A hydropeaking event means a short-term discharge fluctuation caused by power plant operation. It consists of two phenomena, the "peak discharge", an artificially increased discharge, and the "base discharge" as a subsequent decrease in discharge, which can alternate several times a day. Hydropeaking operation mode as a hydrological pressure strongly alters the natural discharge dynamics of a river and may cause a major impact on the ecological functionality. In contrast to other alterations and their consequences, it usually influences comparatively long water stretches.

Both the release of peak discharges and the strong fluctuations in the water level have a significant impact on fish, benthic invertebrates and other organisms in and next to the water. For example for fish larvae and juvenile fish there is, among other things, the risk of being drifted (increase in the flow rate) or stranding (rapid reduction of the wetted area, which can lead to a decimation of fish populations). Individual growth might be lowered by a reduction of natural food availability (eg macrozoobenthos) or reduced water temperature or be reduced by changing the water temperature. The knowledge to develop sustainable solutions to minimize the effects on aquatic ecology is currently not sufficient and requires further research into the interrelationships.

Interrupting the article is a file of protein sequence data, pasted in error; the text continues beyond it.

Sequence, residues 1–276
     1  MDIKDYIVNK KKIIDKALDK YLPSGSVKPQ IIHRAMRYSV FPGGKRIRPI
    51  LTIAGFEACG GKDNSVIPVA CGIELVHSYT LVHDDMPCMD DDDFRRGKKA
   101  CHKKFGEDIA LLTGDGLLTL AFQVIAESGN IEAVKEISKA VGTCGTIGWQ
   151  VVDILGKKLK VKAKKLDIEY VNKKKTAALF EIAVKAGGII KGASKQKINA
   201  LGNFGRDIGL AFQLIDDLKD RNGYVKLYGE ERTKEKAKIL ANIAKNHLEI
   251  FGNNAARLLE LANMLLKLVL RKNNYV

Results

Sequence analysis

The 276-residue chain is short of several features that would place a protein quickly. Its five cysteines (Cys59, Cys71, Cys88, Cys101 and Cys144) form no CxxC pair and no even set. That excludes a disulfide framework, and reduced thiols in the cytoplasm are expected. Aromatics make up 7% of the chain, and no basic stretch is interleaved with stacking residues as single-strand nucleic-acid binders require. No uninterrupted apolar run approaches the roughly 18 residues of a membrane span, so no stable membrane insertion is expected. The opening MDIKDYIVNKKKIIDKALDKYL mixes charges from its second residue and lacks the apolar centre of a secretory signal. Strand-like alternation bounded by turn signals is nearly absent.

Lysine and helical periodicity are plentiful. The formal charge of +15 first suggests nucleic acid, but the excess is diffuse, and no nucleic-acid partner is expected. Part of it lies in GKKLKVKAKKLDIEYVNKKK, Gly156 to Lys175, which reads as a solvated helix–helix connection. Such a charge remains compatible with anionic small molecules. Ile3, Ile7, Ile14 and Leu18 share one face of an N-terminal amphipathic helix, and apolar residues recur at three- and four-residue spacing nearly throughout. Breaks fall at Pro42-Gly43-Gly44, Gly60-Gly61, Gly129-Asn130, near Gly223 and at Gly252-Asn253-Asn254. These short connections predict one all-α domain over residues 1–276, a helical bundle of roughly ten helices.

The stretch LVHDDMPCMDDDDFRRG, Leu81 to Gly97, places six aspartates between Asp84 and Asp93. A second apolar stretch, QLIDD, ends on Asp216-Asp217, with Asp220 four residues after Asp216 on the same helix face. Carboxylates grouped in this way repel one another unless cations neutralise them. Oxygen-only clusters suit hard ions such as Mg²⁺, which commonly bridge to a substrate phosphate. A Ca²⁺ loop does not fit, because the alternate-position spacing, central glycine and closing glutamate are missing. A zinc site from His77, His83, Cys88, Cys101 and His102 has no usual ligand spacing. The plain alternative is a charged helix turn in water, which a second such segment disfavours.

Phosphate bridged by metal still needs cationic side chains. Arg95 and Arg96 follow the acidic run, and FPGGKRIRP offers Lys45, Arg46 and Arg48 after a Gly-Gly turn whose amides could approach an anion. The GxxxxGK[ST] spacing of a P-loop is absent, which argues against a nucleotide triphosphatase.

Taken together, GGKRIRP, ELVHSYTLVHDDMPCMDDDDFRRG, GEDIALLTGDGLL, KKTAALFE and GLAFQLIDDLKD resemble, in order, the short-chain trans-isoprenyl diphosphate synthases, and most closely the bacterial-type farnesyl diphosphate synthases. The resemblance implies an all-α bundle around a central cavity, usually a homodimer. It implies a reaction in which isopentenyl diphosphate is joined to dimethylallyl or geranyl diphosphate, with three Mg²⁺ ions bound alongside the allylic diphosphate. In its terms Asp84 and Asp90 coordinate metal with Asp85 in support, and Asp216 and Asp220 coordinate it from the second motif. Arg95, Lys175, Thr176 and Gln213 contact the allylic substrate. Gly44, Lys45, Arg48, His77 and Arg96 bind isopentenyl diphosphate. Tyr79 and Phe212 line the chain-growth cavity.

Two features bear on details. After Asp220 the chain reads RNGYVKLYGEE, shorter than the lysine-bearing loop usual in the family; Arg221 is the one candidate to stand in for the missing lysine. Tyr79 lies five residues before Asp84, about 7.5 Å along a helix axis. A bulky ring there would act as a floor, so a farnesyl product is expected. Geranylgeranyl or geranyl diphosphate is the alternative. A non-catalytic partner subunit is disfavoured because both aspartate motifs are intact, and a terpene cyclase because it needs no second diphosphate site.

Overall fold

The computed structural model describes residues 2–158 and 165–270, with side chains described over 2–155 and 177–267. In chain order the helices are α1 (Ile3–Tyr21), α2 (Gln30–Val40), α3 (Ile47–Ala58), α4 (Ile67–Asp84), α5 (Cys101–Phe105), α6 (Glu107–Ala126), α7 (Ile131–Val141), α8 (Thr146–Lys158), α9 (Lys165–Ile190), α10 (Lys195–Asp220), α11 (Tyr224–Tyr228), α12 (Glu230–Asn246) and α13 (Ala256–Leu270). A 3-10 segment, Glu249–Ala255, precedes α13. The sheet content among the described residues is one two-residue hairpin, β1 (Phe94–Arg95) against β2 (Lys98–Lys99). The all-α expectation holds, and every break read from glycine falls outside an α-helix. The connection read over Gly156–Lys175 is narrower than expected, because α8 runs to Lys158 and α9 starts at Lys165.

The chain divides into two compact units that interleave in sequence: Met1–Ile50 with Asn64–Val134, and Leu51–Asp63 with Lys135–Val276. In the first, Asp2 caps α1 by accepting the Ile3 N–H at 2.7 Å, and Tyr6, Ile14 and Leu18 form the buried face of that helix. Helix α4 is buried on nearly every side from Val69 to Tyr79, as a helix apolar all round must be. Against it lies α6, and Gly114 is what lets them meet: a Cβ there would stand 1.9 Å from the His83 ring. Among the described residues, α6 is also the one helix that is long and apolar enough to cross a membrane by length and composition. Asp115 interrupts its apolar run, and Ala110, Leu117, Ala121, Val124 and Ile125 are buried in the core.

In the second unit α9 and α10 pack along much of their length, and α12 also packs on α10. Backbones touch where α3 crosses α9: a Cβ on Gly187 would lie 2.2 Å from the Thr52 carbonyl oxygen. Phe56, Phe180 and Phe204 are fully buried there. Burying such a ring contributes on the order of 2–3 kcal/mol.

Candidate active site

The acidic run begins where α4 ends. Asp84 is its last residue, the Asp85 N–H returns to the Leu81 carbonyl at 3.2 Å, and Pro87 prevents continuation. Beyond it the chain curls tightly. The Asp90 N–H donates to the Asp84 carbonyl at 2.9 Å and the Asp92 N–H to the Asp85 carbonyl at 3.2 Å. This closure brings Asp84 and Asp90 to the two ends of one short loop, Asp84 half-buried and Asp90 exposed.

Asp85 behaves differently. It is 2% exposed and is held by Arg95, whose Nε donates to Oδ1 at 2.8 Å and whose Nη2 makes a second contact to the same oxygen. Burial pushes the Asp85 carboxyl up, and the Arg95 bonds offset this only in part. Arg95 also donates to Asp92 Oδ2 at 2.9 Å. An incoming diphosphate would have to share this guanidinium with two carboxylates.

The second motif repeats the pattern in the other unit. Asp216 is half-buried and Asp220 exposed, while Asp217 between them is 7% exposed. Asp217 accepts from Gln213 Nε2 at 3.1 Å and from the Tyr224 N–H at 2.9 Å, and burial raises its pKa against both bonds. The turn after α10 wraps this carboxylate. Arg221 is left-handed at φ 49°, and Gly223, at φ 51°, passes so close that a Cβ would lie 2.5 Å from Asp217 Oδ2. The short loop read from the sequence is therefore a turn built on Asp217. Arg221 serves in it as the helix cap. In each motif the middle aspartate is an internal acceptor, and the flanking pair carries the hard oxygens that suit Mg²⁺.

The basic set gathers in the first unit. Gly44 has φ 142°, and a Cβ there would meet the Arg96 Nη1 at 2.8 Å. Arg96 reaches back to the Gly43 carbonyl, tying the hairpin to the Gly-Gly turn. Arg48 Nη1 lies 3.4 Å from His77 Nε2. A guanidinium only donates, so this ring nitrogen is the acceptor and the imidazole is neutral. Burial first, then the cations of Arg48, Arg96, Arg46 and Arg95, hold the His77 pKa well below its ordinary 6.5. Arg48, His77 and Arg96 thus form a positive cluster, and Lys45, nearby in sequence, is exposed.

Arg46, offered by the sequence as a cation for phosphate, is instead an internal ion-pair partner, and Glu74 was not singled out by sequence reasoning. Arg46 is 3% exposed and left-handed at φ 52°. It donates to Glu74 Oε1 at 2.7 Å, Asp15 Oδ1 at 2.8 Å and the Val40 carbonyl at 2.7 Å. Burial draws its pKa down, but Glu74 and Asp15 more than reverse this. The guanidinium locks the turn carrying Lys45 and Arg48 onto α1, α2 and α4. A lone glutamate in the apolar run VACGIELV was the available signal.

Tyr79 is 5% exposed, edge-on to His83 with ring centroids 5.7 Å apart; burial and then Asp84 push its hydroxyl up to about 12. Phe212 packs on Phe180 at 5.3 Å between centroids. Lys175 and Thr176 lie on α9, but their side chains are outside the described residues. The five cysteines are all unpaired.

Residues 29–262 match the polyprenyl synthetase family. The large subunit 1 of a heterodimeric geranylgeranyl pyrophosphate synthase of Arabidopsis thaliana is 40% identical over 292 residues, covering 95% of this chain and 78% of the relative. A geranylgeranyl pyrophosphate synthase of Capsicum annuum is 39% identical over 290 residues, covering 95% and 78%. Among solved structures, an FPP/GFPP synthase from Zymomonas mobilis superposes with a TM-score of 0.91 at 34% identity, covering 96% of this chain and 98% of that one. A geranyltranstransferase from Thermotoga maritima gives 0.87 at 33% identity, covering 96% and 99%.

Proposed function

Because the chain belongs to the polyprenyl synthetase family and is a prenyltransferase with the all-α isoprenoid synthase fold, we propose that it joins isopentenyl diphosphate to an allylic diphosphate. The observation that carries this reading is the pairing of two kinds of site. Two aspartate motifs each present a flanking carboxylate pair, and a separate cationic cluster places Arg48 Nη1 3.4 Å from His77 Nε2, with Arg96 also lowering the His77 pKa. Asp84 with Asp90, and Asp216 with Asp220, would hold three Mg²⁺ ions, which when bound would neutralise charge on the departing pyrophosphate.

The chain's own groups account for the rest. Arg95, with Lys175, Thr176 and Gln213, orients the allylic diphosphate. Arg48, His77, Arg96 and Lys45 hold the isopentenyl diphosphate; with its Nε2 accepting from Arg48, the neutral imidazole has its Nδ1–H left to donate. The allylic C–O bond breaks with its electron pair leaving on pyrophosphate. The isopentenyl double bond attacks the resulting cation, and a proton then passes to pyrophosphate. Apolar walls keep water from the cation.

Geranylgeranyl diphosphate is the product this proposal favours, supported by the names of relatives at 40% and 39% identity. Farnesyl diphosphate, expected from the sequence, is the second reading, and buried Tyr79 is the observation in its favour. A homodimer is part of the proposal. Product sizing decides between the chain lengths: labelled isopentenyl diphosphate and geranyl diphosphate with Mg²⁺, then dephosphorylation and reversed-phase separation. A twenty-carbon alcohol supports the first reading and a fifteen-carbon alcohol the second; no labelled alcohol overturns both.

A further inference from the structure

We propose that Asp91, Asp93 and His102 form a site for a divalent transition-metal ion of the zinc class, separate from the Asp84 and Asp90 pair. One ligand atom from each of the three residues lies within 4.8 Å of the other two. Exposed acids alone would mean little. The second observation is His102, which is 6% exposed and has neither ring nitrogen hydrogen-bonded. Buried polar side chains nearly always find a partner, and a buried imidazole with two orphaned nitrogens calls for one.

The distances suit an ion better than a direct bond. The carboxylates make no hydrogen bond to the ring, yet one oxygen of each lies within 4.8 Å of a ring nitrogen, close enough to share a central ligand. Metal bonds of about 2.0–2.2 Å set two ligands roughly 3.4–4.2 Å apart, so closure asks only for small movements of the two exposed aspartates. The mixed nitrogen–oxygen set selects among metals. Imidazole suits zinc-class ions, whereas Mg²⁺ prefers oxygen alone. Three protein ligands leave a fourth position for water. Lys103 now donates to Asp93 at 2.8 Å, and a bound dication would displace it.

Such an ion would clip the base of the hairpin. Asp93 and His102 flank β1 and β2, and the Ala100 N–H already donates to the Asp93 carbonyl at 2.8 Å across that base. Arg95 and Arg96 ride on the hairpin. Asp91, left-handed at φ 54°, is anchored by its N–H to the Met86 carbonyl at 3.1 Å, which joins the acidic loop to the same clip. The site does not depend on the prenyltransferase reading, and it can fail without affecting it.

There are various technical options for reducing hydropeaking related run-off fluctuations and their consequential effects on the water biocenoses in terms of environmentally friendly use / mode of operation; e.g. retention basins, peak diversion, river morphological measures and changes in the operation mode of the power plants. The rehabilitation of hydropeaking impacted water bodies is an essential part of an ecologically oriented, sustainable water management for the production and maintenance of the good condition or good ecological potential according the Water Framework Directive (WFD) and is therefore very urgent in Austria.

Schwallexperimente an der HyTEC

The original task of the HyTEC facility is to investigate the ecological effects of artificially generated flow fluctuations, called hydropeaking LINK. Using the following example, the sequence of a simulated single hydropeaking event in the test channels is explained. In order to simulate such an event, a constant base flow (or low flow), is discharged in one of the two experiment channels, in the present example, 25 l/s were selected for the base flow (picture). After a certain period of time, the discharge is constantly increased (the so-called upramping phase) until a peakflow of 125 l/s is given. This represents the so-called peak phase,and causes  and increase of flow velocity water depth and width (figure). This peak flow is maintained for a certain period of time before the discharge rate is constantly reduced to the original base flow (25 l / s). This is called the downramping phase These five phases, base flow – upramping – peak flow – downramping – base flow characterize a complete single peak event.

Based on the design of the channels, it is possible to create different structures such as a flat gravel bank, bays or pothole structures etc., and to test their influence on possible effects of hydropeaking.

The following figure shows the different flow velocities (shown in color) as well as water depths and widths for a homogenous flattended gravel bank with five percent lateral slope in a cross sectional view at 25 l/s and 125 l/s discharge.

The corresponding heights in the ground plan are shown in the following illustrations.